IZNIK ( NICAEA)

Historically NICAEA, town, northwestern Turkey. It lies on the eastern shore of Lake Iznik. Founded in the 4th century BC by the Macedonian king Antigonus I Monophthalmus, it was an important center in late Roman and Byzantine times (see Nicaea, councils of; Nicaea, empire of). The ancient city's Roman and Byzantine ramparts, 14,520 feet (4,426 m) in circumference, remain. The town was besieged and conquered in 1331 by the Ottoman Turks, who renamed it Iznik and built the Green Mosque (1378-91). Iznik's prosperity, which was interrupted by the competing growth of nearby Istanbul as an Ottoman center after 1453, revived in the 16th century with the introduction of faience pottery making. Iznik subsequently became famous for its magnificent tiles, but after the workshops were transferred to Istanbul c. 1700, Iznik began to decline. Its economy suffered a further blow with the construction of a major railway bypassing the town. Today Iznik is a small market town and administrative center for the surrounding district. Pop. (1980) 13,231.

The Characteristics of IZNIK Tiles
Iznik Tiles are admired worldwide for the following reasons :
Iznik Tiles are made on a very clean white base with hard backs and under-glaze decorations in a unique technique.
   70-80 percent of an Iznik tile is composed of quartz and quartzite. Its beauty arises from the harmonious composition of three successive quartz layers and a paste-slip-glaze combination that is extremely difficult to bring together. The mixture of quartz, clay and glaze disperses in a very wide thermal spectrum at 900 centigrade. After painstaking research, the problem of the fluctuating thermal behavior of the tiles due to their quartz and rock crystal composition was solved. The result; a tile made primarily out of a semi-precious stone, quartz.
   Even though it may appear to be against the principle of "ceramic textural unity", the unique structure of the tiles cause dilatation in hot, and shrinkage in cold or freezing conditions. Iznik tiles are extremely durable, and versatile for any decorative or architectural concept.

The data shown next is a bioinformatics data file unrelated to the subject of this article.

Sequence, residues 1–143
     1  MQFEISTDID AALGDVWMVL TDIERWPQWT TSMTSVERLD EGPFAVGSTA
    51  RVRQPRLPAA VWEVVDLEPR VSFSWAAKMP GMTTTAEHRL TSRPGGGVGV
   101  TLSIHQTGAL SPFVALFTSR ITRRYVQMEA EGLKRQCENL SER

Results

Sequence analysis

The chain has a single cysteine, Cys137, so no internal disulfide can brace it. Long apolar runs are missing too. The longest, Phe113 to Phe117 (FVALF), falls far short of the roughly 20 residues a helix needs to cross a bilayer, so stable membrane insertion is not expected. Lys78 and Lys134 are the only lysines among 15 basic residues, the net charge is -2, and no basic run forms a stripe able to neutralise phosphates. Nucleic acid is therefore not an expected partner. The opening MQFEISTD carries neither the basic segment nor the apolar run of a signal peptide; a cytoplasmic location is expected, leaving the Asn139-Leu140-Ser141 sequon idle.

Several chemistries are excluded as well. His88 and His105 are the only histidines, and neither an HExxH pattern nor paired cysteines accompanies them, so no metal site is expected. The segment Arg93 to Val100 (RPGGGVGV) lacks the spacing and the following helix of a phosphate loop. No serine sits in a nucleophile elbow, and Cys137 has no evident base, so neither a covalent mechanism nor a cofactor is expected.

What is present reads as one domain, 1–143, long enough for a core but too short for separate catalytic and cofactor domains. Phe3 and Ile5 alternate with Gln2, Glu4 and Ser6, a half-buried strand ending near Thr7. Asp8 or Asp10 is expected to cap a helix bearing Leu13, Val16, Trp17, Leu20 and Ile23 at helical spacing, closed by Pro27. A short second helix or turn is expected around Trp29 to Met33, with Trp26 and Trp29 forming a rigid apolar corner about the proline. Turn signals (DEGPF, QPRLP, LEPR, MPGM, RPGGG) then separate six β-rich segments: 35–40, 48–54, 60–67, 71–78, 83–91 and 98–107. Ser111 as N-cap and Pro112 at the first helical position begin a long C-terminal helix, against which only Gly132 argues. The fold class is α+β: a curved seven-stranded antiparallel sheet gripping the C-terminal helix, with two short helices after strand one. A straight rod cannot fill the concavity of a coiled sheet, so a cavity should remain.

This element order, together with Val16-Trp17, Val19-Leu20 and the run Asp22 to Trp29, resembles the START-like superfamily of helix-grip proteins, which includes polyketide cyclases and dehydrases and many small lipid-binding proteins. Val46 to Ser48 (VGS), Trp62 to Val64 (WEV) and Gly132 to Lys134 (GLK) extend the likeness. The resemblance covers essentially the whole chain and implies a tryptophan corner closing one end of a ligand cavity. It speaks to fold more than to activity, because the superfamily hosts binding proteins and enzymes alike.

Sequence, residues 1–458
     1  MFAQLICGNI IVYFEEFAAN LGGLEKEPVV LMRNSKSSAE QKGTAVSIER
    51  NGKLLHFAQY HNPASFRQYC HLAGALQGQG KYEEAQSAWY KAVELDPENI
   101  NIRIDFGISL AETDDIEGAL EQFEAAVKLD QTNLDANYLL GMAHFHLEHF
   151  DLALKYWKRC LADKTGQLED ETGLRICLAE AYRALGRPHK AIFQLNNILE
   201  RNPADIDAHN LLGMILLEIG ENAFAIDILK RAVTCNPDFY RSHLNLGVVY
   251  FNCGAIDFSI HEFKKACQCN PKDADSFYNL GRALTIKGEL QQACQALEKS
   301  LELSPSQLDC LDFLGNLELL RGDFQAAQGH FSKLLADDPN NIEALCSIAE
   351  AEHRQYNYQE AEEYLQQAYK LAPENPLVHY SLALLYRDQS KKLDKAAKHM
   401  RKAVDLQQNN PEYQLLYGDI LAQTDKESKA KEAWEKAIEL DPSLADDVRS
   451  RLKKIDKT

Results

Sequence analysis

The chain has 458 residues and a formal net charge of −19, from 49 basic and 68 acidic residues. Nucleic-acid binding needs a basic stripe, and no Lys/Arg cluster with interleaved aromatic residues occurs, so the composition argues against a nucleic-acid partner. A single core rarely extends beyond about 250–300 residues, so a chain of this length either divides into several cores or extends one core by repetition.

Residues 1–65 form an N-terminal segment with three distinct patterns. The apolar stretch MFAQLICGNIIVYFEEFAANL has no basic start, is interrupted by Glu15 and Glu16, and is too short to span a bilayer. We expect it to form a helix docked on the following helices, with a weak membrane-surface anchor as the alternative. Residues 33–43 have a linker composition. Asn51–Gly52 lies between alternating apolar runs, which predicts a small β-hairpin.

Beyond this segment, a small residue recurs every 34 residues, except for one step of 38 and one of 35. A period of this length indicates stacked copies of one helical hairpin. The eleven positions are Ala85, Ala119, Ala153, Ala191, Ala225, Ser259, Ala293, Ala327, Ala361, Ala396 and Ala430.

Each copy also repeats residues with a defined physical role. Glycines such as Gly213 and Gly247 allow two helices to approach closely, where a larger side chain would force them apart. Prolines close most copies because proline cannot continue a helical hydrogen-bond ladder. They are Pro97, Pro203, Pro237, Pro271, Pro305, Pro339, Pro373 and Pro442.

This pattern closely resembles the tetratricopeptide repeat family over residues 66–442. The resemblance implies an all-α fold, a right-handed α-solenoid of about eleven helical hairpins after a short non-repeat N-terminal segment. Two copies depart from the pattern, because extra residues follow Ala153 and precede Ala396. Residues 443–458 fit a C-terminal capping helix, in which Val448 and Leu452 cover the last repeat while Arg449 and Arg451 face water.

In Iznik tiles, one can observe colors resembling those of semi-precious stones such as the dark blue of lapis lazuli, the blue of turquoise, the redness of coral, and the green of emerald.
   Some of the colors observed on the tiles and utensils, particularly the coral red, are very hard to obtain and apply. To obtain all of these colors, the cornea white and opaque sheen glazes are required. The slightly opaque quality of the glaze on the tiles cushions reflective light, producing a relaxing expression.
   The figures on the tiles and utensils reflect allegorical and symbolic characteristics, namely the flora and fauna of the region. The geometrical designs can be interpreted cosmologically as a general description or depiction of the world or the Universe. Iznik Tiles are never overpowering or overstated, and tend towards a timeless discretion and moderation, blending beautifully with surrounding architecture.
   The old masters kept their production techniques very secret, even from their own families and students. They took production secrets of their manufacture lay concealed for centuries.
   Unlike current ceramic technologies, our production is fundamentally based on the natural synthesis of its various components. This intensely difficult ceramic production process is made possible through the synthesis of human labor, creativity and patience.